School Leadership: It’s like riding a motorcycle!

I began riding a motorcycle over two years ago.  I never had any intention of becoming a biker.  I was happy and busy and certainly didn’t need a new hobby.  I was 51 when I started.  Such a cliché.  Mid-life crisis, right?  Not really, but it’s hard to overcome appearances.  I blame my friends.  They started riding a few months before me, got their licenses, and took to riding like ducks to the water.  Every time we got together they would ask me when I was going to join them.  I scoffed at them, laughed, and tried to change the conversation, but they sowed a seed.  I finally gave in and tried out my friend’s bike.  I was hooked.  A week later I bought my first bike (I’m already on my second, it’s bigger and faster of course).  Over the past two years I have put in about 11,000 miles on my bike(s).  I’ve been to Key West, Daytona, and all over the Maryland/Delaware area.  The more I ride, the more I see the parallels between riding a motorcycle and school leadership.  Here are a few of those lessons learned:


Before I could take the motorcycle license test, I had to get experience.  You have to ride a motorcycle to get better at it, so for three months I was “riding dirty,” with no license.  I would ride around my neighborhood, never venturing too far.  One day I was at a stop sign.  I thought the bike was in first gear as I prepared to take off.  I wasn’t in first gear.  I was in neutral.  I picked up my feet (bad decision) hit the throttle and fell over.  Luckily, my body broke the bike’s fall.  I was bruised along the right side and very embarrassed.  It took me a while to re-build my confidence, but I did.

Lesson:  Riding a motorcycle and school leadership require balance.  School leaders who forget to nurture their personal lives will lose their balance and fall over.  Sub lesson: Never give up!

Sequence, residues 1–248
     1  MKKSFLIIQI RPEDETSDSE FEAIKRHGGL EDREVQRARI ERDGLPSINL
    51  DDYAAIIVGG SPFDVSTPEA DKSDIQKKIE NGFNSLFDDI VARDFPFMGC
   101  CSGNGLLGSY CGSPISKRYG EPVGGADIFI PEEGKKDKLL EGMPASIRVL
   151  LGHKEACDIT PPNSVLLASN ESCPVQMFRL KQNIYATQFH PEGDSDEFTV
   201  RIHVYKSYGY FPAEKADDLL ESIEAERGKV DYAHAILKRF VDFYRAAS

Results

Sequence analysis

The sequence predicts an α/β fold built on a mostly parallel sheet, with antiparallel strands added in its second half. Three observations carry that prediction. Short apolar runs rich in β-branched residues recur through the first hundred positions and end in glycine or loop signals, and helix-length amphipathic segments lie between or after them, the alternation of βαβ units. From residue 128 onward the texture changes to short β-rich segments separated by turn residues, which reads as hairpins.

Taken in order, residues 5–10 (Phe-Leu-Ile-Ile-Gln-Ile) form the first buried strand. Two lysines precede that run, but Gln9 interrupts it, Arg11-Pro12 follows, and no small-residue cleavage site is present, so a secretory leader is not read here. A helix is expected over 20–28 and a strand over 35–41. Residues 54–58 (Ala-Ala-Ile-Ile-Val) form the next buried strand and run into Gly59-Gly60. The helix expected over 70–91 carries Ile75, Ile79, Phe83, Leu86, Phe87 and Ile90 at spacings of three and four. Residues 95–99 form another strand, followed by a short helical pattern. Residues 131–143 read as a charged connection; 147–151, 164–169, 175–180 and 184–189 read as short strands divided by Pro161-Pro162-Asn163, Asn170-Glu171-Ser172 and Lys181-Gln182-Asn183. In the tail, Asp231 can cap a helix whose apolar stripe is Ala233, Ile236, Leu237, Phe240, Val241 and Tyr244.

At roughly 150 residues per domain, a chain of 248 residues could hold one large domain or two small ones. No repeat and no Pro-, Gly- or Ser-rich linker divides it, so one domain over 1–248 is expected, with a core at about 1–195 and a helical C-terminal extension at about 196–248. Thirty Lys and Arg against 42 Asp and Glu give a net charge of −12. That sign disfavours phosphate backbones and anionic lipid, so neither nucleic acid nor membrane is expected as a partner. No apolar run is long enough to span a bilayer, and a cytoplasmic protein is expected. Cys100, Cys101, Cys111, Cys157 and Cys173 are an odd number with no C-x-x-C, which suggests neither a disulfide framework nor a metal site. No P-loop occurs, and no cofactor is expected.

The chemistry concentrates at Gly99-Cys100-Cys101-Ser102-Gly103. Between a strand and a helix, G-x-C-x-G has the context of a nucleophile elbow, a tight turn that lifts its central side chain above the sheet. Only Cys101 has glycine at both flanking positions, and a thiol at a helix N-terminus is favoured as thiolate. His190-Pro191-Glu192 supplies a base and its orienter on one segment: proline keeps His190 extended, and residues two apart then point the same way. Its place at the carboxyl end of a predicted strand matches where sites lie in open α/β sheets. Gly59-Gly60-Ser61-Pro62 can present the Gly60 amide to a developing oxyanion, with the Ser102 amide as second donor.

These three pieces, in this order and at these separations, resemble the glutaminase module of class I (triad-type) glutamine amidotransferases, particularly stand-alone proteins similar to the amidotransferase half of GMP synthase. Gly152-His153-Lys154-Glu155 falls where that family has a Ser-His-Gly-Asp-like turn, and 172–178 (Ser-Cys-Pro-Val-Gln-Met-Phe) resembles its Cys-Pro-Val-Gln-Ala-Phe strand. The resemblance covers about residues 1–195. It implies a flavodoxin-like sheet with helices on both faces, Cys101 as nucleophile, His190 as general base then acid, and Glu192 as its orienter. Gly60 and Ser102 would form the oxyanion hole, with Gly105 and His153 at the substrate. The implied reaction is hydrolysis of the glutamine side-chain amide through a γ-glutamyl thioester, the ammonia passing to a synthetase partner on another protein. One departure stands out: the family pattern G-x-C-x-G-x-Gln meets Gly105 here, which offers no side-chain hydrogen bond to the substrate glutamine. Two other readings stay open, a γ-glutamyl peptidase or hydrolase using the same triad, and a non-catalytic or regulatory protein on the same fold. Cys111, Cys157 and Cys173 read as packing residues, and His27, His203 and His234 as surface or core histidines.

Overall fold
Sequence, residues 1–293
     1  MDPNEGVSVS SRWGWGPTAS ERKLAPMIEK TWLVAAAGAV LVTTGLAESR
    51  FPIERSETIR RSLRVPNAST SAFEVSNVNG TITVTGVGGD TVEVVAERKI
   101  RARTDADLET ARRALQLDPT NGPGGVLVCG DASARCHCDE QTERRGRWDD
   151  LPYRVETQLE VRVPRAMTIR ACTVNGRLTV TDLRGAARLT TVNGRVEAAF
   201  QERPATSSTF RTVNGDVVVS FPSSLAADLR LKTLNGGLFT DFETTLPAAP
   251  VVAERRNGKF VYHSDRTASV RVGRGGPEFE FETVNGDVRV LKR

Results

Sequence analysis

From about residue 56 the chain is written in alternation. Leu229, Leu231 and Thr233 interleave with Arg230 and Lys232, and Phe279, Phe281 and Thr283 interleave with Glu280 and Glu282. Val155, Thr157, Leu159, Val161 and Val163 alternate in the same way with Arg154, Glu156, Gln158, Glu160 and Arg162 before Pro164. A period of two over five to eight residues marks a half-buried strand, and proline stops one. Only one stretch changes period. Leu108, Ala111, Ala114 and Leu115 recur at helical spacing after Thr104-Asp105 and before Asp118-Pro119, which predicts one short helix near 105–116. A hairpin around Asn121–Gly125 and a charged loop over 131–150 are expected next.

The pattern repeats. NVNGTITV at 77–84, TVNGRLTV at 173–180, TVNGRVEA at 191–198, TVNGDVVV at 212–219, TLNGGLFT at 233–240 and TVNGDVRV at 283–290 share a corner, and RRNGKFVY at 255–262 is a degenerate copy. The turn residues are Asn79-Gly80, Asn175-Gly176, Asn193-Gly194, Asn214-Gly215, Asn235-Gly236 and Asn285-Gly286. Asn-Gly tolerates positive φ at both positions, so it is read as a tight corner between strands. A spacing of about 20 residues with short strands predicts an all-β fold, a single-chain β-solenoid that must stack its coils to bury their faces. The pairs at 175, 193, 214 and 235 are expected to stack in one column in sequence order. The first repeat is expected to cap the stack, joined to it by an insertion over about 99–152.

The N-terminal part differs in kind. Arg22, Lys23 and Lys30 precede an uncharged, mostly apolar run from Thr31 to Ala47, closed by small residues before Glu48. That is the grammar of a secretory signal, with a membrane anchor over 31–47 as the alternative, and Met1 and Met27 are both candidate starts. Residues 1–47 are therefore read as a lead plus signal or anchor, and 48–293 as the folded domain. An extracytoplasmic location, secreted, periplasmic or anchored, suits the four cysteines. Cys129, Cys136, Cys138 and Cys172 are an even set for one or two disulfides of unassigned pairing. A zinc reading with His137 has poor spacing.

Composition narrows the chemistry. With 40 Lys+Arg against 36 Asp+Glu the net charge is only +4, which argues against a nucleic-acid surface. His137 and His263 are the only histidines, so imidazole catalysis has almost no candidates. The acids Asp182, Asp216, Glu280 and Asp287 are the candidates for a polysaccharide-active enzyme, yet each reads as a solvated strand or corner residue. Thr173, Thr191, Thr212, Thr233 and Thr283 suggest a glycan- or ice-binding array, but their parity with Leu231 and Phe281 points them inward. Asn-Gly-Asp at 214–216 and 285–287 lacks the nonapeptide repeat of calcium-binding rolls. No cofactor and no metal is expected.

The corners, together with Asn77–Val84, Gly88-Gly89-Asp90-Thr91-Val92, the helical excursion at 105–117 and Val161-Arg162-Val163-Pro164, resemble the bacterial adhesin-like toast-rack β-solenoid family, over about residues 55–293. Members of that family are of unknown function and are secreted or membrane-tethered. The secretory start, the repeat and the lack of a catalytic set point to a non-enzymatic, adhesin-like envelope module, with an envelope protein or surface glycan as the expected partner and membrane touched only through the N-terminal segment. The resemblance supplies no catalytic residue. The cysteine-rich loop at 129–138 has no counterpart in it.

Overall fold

Just after getting my license, I was heading down a very busy four lane highway.  I was behind my friends and decided to zoom past them for fun.  I didn’t see that the traffic in front of them had stopped.  I hit the back brake too hard and my bike started to fishtail.  I was headed into the back of a mini-van and swerved off the road into a grassy median strip to avoid a collision.  I stayed on the bike, went down a small hill, and gradually worked my way back to the road.  I was uninjured, but startled by how quickly things went bad.  I spent the next several weeks working on my braking skills.

Lesson:  Know when to slow down.  School leaders are always on the go.  Sometimes we have to hit the brakes and change our path to avoid burning out or colliding with others.

The Ride

Not all my lessons have come from mishaps.  Riding a motorcycle is freeing.  It’s like riding a roller coaster without the rails.  The people I ride with agree that once you learn to ride a motorcycle you gradually relax and think less about the “how” and start enjoying the “why.”  When you first start riding you’re thinking about the clutch, the gear shift lever, the brakes, the throttle and everything else that goes with staying up and on the road.  Later on, these become second nature and you begin to have fun.

Lesson:  Once you become an experienced school leader you can begin to enjoy the job in its entirety.  Try not to get so caught up in the minutiae that you fail to enjoy the children, the staff, and the parents.  Being a school leader is fun, enjoy the ride.


Riding a motorcycle takes patience.  One of the first things you learn in a motorcycle safety course is that you must assume that no one can see you.  Ride like you’re invisible.  Every time I get on the bike I must remind myself to “be cool.”  It doesn’t take long on a bike ride before someone in a car does something dangerous that puts you in peril.  If you internalize everything, it will consume you and you can easily become an aggressive rider.  Ride with confidence, but never assume others are paying attention to you.  Be cool.

Lesson:  You control your emotions and your response when things go wrong.  Be patient, take time, and breathe before you make important decisions.  Nothing good happens when decisions are made in anger. 


Being confident on a bike is important, but over-confidence is a problem.  I learn something new every time I ride.  I am always trying to improve my skills.  The moment you think you’ve mastered the skill of riding a motorcycle is the moment you need to put the bike away for good.  Humility on a motorcycle will keep you safe and, hopefully, alive.  After just two years of riding, I know I have much more to learn.

Lesson:  The best school leaders understand that their growth and learning needs to be continuous.  School leaders who think they’ve “arrived” will eventually find that their destination can never reached.  Overconfidence in school leadership leads to a lack of collaboration.  Schools need leaders who recognize their limitations and value the knowledge of others. 

Chrome up, rubber down.  Ride on!

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